Review of “Enemy Women” by Paulette Jiles

I have read quite a few books on the Civil War, but was never that aware of how different the situation was for civilians in some of the border states until I read this absorbing book by Paulette Jiles, author of Lighthouse Island.


The author spent seven years researching the history of the Civil War in Missouri, bringing it to life with this story of a (fictional) heroine for any era, 18-year-old Adair Colley. Jiles takes us back to a time of incredible brutality in Southeastern Missouri as citizens used the cover of war to exact vengeance on personal enemies or to act upon their greed, envy, or lust in ways unacceptable in peacetime.

As the story begins, Adair’s father, a civilian and a judge, is savagely beaten and taken away, and the Colley’s home is looted and burned. Adair must find a safe place for herself and her two younger sisters, and she is also determined to locate her father if she can and plead for his return. But as she embarks on her journey with her siblings, a spat between her and other travelers results in her being denounced as a Confederate “spy” and taken to the women’s prison in St. Louis. There, she forges a bond with the Union major charged with interrogating her, but even his friendship can’t change the unhealthy miasma of the prison, or the fact that they are on two different sides of an ideological and geographical divide.

Discussion: Jiles gives the Civil War a human face and even more strikingly, one that is decidedly female. Most accounts of the Civil War focus on the men who fought. Jiles shows from her dramatization of real events some of the ways in which the women suffered as well, and how they responded to what was happening to them and their families.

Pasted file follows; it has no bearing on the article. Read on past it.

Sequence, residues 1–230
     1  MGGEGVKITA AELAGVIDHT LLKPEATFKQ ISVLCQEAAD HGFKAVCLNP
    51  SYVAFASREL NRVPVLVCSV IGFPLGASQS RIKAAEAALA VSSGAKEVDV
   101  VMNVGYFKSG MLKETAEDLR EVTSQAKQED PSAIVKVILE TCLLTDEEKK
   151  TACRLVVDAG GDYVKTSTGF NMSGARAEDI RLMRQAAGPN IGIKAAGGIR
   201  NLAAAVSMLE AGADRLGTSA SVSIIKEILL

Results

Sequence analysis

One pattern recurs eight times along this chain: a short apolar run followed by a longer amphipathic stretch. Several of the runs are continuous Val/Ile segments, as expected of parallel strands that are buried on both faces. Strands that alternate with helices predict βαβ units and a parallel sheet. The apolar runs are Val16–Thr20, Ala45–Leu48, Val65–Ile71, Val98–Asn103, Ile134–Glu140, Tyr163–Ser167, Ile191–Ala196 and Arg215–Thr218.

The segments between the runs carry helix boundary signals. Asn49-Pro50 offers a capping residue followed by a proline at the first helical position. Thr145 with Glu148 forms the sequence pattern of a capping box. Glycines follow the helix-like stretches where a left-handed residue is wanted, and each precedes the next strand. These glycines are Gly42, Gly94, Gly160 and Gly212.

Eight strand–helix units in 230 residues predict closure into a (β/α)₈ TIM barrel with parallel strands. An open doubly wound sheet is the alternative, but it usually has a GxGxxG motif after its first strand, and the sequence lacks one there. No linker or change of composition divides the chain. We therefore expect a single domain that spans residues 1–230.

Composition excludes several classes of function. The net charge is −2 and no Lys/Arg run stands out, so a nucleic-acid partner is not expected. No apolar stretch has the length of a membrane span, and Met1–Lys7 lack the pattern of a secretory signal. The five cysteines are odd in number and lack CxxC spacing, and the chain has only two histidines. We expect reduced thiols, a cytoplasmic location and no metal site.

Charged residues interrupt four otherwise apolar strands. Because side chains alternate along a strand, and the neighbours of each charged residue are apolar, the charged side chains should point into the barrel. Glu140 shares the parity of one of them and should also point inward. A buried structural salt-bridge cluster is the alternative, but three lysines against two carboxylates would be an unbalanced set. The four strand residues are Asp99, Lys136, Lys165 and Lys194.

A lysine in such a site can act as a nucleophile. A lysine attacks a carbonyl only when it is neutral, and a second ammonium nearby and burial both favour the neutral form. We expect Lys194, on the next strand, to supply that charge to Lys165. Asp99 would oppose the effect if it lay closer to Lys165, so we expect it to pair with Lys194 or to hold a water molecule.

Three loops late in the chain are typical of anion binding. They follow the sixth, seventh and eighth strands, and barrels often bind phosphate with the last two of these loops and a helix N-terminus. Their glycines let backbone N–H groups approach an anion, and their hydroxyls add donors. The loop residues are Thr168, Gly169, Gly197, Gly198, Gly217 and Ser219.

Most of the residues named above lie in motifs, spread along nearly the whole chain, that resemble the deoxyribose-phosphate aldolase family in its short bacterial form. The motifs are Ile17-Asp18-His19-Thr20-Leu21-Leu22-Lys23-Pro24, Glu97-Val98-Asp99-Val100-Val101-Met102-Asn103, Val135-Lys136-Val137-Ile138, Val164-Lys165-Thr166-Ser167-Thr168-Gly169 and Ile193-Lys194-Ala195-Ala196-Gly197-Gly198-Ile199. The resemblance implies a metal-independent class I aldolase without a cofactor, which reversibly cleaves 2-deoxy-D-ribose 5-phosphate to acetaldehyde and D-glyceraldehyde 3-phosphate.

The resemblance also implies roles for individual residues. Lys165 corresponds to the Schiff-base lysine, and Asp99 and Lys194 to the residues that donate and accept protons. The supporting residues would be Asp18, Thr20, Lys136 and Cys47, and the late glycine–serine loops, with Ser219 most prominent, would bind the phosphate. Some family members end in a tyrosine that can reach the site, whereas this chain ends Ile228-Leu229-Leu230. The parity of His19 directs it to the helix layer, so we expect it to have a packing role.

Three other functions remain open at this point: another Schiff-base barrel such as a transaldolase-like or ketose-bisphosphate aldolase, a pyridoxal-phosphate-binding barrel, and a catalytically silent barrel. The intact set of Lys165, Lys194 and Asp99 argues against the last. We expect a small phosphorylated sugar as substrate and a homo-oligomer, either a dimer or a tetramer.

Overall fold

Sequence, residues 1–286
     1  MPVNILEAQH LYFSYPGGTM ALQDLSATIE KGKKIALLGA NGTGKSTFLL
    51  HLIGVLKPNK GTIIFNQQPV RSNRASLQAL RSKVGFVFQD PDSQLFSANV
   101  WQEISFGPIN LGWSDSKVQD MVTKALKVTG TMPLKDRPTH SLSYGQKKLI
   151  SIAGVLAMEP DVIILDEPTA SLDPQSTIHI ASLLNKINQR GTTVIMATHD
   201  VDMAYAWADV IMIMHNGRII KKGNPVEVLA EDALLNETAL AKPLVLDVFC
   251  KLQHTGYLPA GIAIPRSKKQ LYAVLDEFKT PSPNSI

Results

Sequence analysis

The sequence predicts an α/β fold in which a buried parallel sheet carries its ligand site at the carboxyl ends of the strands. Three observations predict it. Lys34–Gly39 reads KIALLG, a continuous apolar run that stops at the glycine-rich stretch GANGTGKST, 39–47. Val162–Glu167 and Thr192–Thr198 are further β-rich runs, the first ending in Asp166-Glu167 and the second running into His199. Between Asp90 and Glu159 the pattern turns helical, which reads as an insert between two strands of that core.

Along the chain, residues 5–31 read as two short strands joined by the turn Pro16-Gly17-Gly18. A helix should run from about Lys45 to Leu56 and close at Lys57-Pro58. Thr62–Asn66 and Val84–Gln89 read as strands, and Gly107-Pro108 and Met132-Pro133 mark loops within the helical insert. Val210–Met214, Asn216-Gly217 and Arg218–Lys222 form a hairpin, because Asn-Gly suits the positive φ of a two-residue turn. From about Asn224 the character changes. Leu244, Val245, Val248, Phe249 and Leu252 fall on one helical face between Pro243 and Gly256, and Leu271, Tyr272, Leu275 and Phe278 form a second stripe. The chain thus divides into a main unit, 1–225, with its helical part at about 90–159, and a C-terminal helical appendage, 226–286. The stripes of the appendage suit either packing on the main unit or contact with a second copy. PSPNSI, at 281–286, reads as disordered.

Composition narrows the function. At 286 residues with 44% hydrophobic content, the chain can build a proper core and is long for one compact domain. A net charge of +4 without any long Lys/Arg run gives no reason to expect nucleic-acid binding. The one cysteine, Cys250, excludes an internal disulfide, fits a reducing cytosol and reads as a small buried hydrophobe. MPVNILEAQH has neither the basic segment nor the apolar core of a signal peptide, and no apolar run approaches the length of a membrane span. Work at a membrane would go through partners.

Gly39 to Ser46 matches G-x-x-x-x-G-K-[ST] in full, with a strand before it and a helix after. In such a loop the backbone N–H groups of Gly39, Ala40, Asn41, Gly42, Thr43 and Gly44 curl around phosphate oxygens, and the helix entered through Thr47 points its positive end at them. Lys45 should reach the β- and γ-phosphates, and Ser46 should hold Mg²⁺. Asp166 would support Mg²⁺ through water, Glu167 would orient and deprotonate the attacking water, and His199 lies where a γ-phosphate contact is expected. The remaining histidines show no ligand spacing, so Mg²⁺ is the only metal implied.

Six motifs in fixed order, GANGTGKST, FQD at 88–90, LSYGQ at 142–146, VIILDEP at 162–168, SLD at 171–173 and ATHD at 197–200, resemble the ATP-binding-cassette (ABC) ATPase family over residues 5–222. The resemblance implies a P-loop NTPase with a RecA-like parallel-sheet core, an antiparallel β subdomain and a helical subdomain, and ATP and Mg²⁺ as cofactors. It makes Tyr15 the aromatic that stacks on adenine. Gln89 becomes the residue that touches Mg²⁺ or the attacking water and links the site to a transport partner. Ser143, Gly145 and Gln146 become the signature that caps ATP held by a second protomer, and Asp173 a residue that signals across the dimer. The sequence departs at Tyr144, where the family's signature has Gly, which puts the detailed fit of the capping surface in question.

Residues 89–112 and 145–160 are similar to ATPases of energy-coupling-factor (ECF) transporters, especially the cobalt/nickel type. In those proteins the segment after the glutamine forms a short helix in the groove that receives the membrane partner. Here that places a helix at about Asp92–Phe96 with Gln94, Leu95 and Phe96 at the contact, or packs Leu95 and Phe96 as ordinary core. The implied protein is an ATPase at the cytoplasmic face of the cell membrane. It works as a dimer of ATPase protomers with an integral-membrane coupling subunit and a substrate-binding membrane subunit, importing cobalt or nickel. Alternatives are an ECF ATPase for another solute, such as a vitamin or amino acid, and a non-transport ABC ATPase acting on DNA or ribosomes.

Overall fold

Harper’s Weekly’s 1861 version of Federal soldiers searching the home of rebellious Southern women for incriminating weapons and letters.

Harper’s Weekly’s 1861 version of Federal soldiers searching the home of rebellious Southern women for incriminating weapons and letters.

Jiles’ story of what happened in Missouri (punctuated by a number of excerpts from historical documents that precede each chapter) is also valuable because it could have easily come from diaries of civilians caught up in contemporary wars. The insight the records provide into the cruel and unjust collateral damage of war is considerable.

I really liked Jiles’ more recent book,Lighthouse Island, and when I saw this earlier work by her, I was quick to grab it. I could see elements and themes in this book that would reappear in the later book, although of course the settings are quite different. But they both feature women of courage and character. For those who like strong, resourceful female heroines who do what they must to survive, this is an author not to be missed.

Evaluation: Jiles is an adept writer who manages to limn scenes of carnage and destruction with a poetic eloquence that somehow adds to the horror rather than “beautifying” it. But she also lends her poetic hand to the pain, naivety, and hope of love, resulting in an unforgettable story.

Published by William Morrow, an imprint of HarperCollins Publishers, 2002

Rating: 4/5


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